Looking back on 2027, it has been a year of growth for us. We welcomed two new Order members in September, and in November, we welcomed three new mitras. Mitra is word that means ‘friend’,and becoming a mitra is a public acknowledgement of commitment to the Three Jewels within the Triratna community. We were very happy to welcome Josie, Lauren and Belinda as new mitras.
In October, the Introduction to Buddhismand
The Course An Introduction to Meditation and Buddhism started on October 5th and will be running until November 2nd. We are delighted to welcome so many newcomers with an interest in Buddhism.
Meanwhile, the evenings for regulars continue upstairs, and we are following a series on the Five Spiritual Faculties. Sangharakshita our teacher called his talk on these The Pattern of Buddhist Life and Work, and he stressed that they are about how we live a Buddhist life.
‘The overall purpose of these faculties is the living of a Buddhist life. Buddhism is concerned with life . One might almost say that Buddhism is life itself - life in the sense of growth, of realising the potential of one’s life.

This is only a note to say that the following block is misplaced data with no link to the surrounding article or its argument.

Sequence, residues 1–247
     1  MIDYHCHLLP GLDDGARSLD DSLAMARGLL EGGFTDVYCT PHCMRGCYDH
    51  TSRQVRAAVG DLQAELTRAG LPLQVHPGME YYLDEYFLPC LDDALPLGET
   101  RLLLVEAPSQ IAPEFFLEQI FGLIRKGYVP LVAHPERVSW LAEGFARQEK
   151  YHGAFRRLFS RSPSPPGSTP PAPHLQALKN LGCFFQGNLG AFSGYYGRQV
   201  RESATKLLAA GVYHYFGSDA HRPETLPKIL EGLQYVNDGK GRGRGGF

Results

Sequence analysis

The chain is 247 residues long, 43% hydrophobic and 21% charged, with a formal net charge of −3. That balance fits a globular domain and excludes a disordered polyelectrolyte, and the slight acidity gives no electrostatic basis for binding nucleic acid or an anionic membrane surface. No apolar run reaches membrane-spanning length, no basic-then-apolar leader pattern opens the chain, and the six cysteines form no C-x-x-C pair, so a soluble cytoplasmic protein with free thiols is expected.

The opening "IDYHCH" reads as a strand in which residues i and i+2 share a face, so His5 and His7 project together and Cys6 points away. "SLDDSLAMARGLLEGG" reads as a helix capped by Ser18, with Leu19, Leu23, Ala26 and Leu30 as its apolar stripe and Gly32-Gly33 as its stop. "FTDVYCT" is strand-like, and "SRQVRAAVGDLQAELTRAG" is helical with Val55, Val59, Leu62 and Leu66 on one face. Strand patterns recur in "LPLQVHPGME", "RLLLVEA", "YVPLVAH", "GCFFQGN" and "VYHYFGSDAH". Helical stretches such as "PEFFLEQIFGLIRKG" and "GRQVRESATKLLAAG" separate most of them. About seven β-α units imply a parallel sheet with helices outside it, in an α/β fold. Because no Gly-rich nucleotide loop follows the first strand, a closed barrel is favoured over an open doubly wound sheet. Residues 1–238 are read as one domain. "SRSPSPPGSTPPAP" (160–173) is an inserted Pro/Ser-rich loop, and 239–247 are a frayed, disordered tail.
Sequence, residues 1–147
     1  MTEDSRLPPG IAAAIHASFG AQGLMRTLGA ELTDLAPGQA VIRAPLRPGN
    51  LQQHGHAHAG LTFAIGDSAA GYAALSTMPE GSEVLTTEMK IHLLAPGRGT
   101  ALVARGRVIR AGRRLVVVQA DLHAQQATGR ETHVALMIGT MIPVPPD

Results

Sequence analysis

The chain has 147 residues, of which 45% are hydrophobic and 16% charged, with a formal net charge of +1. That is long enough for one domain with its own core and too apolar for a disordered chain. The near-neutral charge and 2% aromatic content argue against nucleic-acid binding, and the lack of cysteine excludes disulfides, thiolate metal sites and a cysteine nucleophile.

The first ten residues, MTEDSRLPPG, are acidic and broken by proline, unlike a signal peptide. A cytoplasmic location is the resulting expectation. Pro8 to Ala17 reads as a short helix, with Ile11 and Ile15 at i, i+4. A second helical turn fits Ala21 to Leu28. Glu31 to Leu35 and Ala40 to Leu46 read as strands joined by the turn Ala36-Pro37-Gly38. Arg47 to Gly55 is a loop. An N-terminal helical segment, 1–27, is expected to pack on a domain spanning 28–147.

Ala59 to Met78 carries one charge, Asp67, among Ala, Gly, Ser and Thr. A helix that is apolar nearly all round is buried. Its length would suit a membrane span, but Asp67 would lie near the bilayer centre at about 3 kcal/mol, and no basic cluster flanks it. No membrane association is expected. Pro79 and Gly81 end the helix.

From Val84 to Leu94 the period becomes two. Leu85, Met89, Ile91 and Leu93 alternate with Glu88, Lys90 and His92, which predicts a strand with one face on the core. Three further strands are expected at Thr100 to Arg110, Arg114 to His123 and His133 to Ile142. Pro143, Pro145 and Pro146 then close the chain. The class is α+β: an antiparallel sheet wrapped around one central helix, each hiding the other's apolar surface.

A Buddhist is first and last someone who is alive, awake to life’.
We reflected first on sraddha (confidence or trust), sharing our sense of inspiration, what moved us, what we had set our heart upon, and how that sense of meaning nd purpose had changed our lives. Sraddha is sometimes translated as ‘faith’ but it is not a blind faith. The Buddha continually stressed the importance of testing any teaching in one’s own experience, and not being caught in any ‘view’.
Last week, we reflected on virya - energy, effort or exertion, and thought about what blocks our energy and what releases energy. It was a common experience that thinking about what we had yet to do, or worrying about an outcome, would make any task more tiring, and that being fully present to the task in hand, and aware of the process of doing would release more energy. Being in touch with sraddha, our inspiration, our sense of joy in life, would also help us to feel the energy flowing. Feeling a sense of interconnection helped - we can feel the difference between closing in around ‘me’ and ‘mine’, and opening out to a sense of shared work, shared world, shared humanity. There were also other ideas such as doing physical activity, or making a physical act of devotion , that could help us to contact more energy.